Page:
Hi Lyn Great points raised. The ‘telework’ train has certainly left the station. Given the urban sprawl, skills shortages in some industry’s, the increasing cost of office locations, and the desire for employers to attain the best staff, telework is becoming very attractive. From a work health and safety perspective, the employer has the same if not more responsibility for teleworkers, and our understanding is that employers are far from compliant in this area, including ‘where to start’, let alone implementation and management. Quite often, the employer’s first priority is measurement of performance. Your reference to the Telstra case and… Read more »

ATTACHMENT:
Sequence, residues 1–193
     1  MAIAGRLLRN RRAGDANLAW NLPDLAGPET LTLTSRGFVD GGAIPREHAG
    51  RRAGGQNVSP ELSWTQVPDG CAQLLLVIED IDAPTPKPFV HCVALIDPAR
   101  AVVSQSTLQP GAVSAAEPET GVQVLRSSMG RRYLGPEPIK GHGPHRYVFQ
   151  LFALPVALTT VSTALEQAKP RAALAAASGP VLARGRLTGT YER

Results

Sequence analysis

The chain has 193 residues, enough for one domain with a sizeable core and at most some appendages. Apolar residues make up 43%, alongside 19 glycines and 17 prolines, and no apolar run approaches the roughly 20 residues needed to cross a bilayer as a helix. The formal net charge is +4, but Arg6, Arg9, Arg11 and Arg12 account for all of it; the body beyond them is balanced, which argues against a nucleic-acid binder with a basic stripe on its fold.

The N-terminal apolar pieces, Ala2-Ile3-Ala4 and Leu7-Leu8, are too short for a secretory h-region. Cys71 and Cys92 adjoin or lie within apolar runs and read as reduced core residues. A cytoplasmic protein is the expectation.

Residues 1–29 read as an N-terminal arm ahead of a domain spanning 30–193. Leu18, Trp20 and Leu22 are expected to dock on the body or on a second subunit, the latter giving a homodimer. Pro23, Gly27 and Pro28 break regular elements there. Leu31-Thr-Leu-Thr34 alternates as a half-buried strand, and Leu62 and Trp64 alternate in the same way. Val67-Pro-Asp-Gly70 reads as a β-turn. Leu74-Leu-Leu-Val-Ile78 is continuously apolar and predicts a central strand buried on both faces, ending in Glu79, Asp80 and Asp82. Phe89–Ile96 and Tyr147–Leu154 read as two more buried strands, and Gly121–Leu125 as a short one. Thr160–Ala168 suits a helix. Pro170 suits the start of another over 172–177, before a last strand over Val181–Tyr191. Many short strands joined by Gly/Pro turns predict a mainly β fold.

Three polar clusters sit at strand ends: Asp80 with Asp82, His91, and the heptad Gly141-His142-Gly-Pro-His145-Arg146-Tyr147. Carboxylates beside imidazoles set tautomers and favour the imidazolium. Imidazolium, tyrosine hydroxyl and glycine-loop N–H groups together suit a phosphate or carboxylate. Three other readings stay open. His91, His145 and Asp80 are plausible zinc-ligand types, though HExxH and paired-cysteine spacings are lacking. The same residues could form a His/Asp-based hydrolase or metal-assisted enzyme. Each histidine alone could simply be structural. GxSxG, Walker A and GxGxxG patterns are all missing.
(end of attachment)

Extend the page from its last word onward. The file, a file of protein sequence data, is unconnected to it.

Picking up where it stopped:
Brendan
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Brendan

Certainly an interesting article, it reminds me of a related TED Talk questioning ‘Does work happen at the office’. I think this article, and indeed the Ted Talk, isn’t so much about the changing nature of where we work, but rather how we work. We seem to spend alot of time debating how best to engage or motivate employees, when really what we want is for the task or project etc to be done. Employees are simply a mechanism for this to happen. With the technologies you mention in your article, and the frequency of work not happening at the… Read more »

Helen Lamont
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Helen Lamont

Our Asia Pac workforce all work from home, apart from a small office in Mumbai. It has been very successful for us, and I dont think we woudl find an employee or business manager who would see us revert to using offices. I hope Australia continues to encourage Teleworking.

Peter Nicholls
Guest
Peter Nicholls